How Much Can Prime Subscriptions Add To Amazon’s Net Revenues?

by Trefis Team
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Until yesterday, the total number of Amazon (NASDAQ:AMZN) Prime subscribers had been somewhat of a mystery before Jeff Bezos revealed that the tech giant had crossed 100 million paid subscribers globally. While it does not tell the exact number of subscribers, it gives a ballpark figure to help estimate the historic subscriber count, which we use to forecast growth potential. In this note we take a look at how we have arrived at our historic subscriber count and our forecast for the total paying Prime members. We also forecast the average annual Prime subscription fee to finally arrive at the total revenues that standalone Prime subscriptions can add to Amazon’s top line through 2020.

We forecast the total number of paying Prime subscribers to increase to 164 million by 2020, while the average annual Prime subscription fees are expected to increase from around $97 in 2017 to nearly $110 by 2020. As a result, standalone Prime subscriptions could add around $18 billion to Amazon’s top line by 2020. We have summarized our forecasts in an interactive model. You can modify these inputs to see how they impact expected revenue contribution. We further detail how Amazon’s other revenue streams are expected to grow, per Trefis estimates. You can change all input figures to gauge how much standalone Prime subscriptions will contribute to Amazon’s top line.

Numbers Behind Historicals And Our Forecasts

In the 13 years since the company launched Amazon Prime, the most recent reported mention of total Prime subscribers was back in December 2013, when the company reported to have “tens of millions” Prime subscribers.  This implies at least 20 million subscribers, which was the starting point used in an analysis by Recode. This was followed by a 53% increase in paid subscriptions in 2014 and subsequently by a 51% annual increase in 2015. The total number of Prime subscribers increased by “tens of millions” in 2016, or 20 million as confirmed by TechCrunch. And lastly, we have a figure of 100 million subscribers by the end of 2017.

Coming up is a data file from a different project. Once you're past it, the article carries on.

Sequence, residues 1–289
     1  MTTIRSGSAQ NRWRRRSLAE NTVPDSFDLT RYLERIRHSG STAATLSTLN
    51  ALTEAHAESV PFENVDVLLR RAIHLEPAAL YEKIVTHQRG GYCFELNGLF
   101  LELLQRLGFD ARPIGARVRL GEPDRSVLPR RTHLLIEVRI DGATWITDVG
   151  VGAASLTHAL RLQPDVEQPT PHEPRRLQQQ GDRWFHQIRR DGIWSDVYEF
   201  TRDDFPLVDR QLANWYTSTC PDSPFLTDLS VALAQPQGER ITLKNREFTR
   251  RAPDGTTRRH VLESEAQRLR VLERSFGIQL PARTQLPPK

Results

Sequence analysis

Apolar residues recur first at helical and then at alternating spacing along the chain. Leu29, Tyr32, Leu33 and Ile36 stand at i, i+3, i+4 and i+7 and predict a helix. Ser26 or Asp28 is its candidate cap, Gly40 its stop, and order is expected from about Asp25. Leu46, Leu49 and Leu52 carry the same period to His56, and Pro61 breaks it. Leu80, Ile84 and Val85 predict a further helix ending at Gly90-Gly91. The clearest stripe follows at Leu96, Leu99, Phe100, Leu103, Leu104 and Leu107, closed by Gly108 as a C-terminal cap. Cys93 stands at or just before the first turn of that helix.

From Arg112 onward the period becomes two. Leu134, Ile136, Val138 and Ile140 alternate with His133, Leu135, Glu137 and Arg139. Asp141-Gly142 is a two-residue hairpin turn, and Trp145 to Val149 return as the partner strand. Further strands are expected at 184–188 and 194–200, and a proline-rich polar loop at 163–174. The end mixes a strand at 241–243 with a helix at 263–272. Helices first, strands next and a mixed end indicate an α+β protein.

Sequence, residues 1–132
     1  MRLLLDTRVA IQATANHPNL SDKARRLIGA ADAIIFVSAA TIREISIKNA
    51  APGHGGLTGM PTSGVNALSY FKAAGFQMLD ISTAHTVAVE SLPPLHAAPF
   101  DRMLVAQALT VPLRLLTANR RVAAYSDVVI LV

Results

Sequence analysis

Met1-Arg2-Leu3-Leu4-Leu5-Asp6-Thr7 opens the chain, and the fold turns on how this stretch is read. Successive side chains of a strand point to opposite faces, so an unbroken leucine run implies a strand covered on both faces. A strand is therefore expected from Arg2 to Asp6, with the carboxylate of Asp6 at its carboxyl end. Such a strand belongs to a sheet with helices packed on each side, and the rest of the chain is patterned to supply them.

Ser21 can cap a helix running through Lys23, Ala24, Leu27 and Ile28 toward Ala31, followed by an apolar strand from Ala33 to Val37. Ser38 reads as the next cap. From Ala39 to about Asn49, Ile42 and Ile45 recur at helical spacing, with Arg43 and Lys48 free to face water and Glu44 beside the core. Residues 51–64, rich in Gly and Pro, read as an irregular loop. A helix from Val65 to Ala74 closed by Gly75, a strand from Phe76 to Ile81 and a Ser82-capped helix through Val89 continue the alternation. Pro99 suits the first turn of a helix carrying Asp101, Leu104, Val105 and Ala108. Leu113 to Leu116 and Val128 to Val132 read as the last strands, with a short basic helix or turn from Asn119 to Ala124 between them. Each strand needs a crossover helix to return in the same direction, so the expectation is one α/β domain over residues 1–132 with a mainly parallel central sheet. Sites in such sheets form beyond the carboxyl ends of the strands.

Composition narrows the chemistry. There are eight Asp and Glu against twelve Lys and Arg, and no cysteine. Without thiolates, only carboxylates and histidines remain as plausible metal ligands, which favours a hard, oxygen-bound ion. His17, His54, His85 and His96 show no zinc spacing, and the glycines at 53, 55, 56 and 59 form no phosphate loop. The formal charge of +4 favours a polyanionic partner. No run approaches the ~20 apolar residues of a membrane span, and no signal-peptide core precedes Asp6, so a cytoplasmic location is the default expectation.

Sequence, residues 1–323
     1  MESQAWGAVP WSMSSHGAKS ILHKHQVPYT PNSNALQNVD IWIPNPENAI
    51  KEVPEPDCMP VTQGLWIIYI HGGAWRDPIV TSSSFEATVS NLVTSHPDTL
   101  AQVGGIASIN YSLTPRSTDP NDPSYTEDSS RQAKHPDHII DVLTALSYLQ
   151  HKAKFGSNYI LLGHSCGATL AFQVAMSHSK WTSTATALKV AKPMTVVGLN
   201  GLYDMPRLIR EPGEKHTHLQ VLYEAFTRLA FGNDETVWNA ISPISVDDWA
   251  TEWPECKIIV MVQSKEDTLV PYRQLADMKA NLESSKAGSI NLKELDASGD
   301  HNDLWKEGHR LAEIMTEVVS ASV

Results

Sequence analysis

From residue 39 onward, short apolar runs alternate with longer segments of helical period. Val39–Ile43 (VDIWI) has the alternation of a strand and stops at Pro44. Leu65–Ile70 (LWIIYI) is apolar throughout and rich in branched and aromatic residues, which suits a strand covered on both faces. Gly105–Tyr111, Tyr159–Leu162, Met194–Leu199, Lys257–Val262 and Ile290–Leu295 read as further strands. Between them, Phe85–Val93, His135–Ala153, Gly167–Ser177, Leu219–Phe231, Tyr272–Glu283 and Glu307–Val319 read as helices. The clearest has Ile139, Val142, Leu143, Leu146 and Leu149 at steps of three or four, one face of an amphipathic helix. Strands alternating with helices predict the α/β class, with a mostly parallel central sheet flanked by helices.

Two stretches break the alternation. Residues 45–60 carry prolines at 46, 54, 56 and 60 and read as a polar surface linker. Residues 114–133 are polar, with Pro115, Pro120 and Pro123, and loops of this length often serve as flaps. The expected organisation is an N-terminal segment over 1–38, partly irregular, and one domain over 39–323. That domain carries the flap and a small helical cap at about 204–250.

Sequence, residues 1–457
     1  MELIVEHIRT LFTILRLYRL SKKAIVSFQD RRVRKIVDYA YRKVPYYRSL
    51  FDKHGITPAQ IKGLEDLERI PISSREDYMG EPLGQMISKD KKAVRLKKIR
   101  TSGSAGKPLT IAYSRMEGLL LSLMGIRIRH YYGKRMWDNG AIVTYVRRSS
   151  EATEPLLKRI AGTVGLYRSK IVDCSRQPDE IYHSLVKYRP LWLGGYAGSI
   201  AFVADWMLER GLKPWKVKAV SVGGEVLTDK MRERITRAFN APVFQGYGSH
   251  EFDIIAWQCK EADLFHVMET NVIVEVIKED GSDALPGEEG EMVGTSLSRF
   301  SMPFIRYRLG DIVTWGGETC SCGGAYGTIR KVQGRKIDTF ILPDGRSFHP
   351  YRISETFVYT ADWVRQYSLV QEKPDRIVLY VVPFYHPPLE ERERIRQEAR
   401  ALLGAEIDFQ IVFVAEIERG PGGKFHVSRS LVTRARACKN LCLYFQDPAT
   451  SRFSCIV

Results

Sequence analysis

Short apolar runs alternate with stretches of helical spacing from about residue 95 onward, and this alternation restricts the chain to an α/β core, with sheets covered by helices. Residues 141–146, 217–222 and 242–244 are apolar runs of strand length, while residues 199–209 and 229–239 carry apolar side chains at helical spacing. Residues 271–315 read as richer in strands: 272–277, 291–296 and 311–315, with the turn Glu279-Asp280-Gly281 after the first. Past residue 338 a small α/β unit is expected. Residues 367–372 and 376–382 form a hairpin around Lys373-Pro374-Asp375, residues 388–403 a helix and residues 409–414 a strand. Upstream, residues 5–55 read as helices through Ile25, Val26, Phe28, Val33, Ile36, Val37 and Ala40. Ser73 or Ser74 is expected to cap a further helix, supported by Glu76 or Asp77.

We considered 22 million subscribers for 2013, which gives us the following subscriber count in subsequent years – 34 million for 2014, 51 million for 2015, 71 million for 2016 and 100 million for 2017. Also mentioned in Bezos’ letter to shareholders is that more members joined Prime subscription in 2017 than in any previous year, which fits fairly well with the numbers we’ve used.

In order to calculate the average subscription fee per account, we considered the combined revenues from Prime membership, audiobook, e-book, digital video, digital music and other non-AWS services revenues reported by the company in its SEC filings. We used the total revenues generated by non-AWS services and divided it by the total subscribers to get the implied average subscription fee per member. Amazon offers various other benefits to Prime members in addition to shipping benefits such as access to Prime Video, Prime Music, Twitch Prime, Prime Early Access, Kindle Owners’ Lending Library and supplemental service offerings such as Amazon Channels (HBO, Showtime, Starz) and Amazon Fresh. As a result, the calculated fee per member is actually the average implied expenditure per paying member on Amazon services. If, over the long run, Amazon decides to club all these services under a common Prime subscription fee (it already clubs most of them), then this figure will be nearly the same as the average Prime subscription fee per member. Based on these numbers, we arrive at an implied average subscription fee per user of $88 in 2015, $90 in 2016 and $97 in 2017.

In terms of geographic variance, the annual fee in the U.S. currently stands at $99, while it varies from £79 ($112) in U.K, €69 in Germany, €49 in France, ¥3,900 (around $36) in Japan to 999 (approximately $16) in India. Mature markets generally have a higher subscription fee than growing markets. Further members availing of supplemental services pay more ($15 per month for Amazon Fresh or $5-15 per month for Amazon Channels) to drive their annual subscription fee higher. The add-on services are increasingly becoming more popular among users, and the mature North America and European markets are lucrative enough to drive average subscription fees higher. However, this will be likely offset by massive growth in revenues from emerging markets, which typically have a lower average subscription fee. As a result, we have a conservative forecast for average Prime subscription fee per member to increase gradually to around $110 by the end of the decade. As a result, we expect the contribution of standalone subscription fee to Amazon’s non-AWS revenues to cap at around 6% through 2020. If you think differently, you can modify these inputs on our interactive dashboard model and come up with your own estimates.

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